When each of my daughters reached second grade, I taught them how to make a fist. And deliver a punch. Thumb curled on the outside, wrist firm, knuckles forward. Drive with your shoulder. They’d seen plenty of Spider-Man cartoons and read their share of Wonder Woman comic books. They knew what a punch was. But they needed to know how to deliver one. I let each of them treat my open right palm like the Green Goblin’s snarling face. The sting felt good.
I’ve held off writing about the Ray Rice affair (and the Adrian Peterson affair, for that matter), hoping to deliver some thoughts with emotion removed from my delivery. I’ve been married to the same woman for 20 years. I’m the father of two daughters. My only sibling is a woman.
Seeing what Rice did to his then-fiancee in an elevator last February made nerves fire that I don’t often access. Janay Palmer being dragged from that elevator by Rice — the coward clueless how to handle his now-public atrocity — elicited thoughts I don’t often allow to dance in my brain. But those nerves continue to fire, and those thoughts dance randomly, especially when I look at my wife and daughters and consider the three most valuable elements of my life.
First, the disheartening reality of domestic abuse: it’s near us all. An abused woman lives a short drive from your home, whether you know her or not, whether you know she’s abused or not. Violence is pervasive, in one form or another. Has been since the first troglodyte wielded the first club. For the majority of human beings who refrain from lashing out with a fist, knife, or gun, this is a grim, cynical view. Domestic violence can be stopped. It’s our responsibility to make sure it’s stopped. And now.
But the contributing factors to domestic violence are simply too numerous and, frankly, too scattered for any movement — no matter how publicly driven — to completely eradicate the pain and agony caused. When there is no more poverty, violence will end. When there are no more unwanted children, violence will end. When there is no more religious discord, violence will end. This is like catching every leaf that falls from that massive maple tree in your front yard, each leaf with a blood-drawing razor’s edge. No, domestic violence can’t be eradicated.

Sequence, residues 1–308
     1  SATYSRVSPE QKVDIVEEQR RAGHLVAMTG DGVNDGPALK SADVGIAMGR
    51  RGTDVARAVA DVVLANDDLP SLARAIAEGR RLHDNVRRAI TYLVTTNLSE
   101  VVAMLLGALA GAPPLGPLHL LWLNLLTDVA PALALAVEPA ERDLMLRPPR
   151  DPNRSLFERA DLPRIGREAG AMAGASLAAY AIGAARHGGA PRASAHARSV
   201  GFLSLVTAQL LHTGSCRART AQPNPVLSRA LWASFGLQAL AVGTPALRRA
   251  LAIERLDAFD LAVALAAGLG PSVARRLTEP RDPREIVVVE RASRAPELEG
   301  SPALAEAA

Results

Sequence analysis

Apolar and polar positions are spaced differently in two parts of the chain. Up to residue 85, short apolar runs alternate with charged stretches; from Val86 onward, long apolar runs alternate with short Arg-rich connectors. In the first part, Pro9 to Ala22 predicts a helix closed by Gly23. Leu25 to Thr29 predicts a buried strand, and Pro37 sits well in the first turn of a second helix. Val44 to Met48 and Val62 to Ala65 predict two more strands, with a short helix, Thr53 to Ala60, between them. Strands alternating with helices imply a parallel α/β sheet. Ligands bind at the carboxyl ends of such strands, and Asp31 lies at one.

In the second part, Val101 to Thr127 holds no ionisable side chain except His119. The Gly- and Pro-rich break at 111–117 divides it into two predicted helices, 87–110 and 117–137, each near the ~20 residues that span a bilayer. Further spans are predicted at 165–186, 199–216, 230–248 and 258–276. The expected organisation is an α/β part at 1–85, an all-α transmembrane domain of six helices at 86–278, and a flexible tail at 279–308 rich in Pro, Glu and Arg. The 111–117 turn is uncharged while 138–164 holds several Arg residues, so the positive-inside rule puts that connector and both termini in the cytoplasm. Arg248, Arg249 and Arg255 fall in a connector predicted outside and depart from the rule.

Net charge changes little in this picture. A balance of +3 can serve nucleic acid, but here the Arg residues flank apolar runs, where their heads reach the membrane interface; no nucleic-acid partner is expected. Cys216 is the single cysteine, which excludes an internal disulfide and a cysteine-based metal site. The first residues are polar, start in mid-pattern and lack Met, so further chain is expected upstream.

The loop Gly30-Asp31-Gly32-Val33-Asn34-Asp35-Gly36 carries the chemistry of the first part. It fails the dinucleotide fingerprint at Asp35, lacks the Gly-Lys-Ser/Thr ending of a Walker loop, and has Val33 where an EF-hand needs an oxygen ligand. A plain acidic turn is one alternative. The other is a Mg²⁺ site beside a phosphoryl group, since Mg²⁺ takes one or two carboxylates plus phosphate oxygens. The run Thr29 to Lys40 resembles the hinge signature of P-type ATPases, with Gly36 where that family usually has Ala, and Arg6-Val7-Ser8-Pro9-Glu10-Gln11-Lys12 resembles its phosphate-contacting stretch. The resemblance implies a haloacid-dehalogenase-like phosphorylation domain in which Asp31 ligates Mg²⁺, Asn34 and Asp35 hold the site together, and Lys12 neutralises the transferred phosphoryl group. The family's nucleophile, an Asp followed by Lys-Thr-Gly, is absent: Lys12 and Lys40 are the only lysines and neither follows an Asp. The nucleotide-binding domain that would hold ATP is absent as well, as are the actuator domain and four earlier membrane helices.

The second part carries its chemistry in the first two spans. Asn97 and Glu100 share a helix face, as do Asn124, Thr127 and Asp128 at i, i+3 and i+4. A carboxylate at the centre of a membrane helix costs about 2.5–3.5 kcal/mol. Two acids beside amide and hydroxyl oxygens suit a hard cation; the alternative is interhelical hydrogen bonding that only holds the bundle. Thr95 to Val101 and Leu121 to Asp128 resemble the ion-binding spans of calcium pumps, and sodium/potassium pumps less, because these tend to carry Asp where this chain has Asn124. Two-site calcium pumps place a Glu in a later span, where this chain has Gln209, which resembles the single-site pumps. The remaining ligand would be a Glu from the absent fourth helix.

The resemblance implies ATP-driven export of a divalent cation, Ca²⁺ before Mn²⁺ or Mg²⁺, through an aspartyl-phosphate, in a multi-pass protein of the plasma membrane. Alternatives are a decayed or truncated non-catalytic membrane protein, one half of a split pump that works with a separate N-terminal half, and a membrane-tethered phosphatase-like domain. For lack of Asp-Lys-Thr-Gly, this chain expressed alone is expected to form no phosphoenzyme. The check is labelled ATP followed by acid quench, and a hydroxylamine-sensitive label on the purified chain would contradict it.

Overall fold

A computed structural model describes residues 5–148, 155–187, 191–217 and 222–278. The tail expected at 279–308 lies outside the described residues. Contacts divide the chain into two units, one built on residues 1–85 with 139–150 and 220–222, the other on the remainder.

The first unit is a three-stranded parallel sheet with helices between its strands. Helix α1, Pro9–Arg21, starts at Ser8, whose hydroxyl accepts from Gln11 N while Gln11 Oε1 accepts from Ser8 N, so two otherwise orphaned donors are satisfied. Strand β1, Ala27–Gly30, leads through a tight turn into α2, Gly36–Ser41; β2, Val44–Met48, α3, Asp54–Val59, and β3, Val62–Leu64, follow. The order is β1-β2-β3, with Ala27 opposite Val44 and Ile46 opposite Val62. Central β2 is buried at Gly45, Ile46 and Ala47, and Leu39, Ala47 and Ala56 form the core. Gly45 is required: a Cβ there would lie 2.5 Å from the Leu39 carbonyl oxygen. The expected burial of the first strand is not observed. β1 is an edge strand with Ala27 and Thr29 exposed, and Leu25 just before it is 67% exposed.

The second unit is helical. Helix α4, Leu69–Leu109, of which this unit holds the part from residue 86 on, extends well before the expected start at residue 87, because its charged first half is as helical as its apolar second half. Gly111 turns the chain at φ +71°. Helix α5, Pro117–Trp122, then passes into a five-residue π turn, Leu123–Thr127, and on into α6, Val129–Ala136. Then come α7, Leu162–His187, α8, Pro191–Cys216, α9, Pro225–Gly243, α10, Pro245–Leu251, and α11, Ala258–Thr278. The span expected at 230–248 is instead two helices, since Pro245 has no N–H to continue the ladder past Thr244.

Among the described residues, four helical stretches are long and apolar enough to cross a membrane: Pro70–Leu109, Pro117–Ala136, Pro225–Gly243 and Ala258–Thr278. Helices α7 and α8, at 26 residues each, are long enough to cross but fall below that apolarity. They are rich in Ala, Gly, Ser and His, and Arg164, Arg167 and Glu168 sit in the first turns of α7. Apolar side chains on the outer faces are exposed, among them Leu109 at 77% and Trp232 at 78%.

We can shine light, though, on the atrocity. And this is where, irony of ironies, we have the NFL to thank. I’ll venture to guess that the security camera that caught Rice delivering his infamous left hook captured at least one more violent act on that very same Atlantic City elevator last February. And a few more since. How many of those were picked up by TMZ, though, and shared for the world to see?
Had Rice been a contractor from Hoboken accompanying his girlfriend for a casino date, would sports columnists near and far be considering — and writing about — the severity of domestic violence in our world today? The NFL, for good or ill, is a looking-glass for modern American culture.
Those who represent the NFL “Shield” become highly glorified lab rats, capable of lifting spirits on a visit to a children’s hospital, and capable of the same dark breakdowns that fracture families in our own neighborhoods.
Neither of my daughters has delivered a punch to date. My hope is that they never will. Honestly, if they find themselves in a situation where that first punch is required, I’ll have larger concerns as their father. (Knowing modern gun culture for what it is, I’d be the last person to recommend a woman striking her abuser until it’s her last chance for survival.) But having a sense of their own strength, their own toughness, is a component of my daughters’ character I consider important for the days I’m not around.
Women of strength, one at a time, are the antidote to domestic violence. These women know how to make a fist, and they will know when it’s time to leave.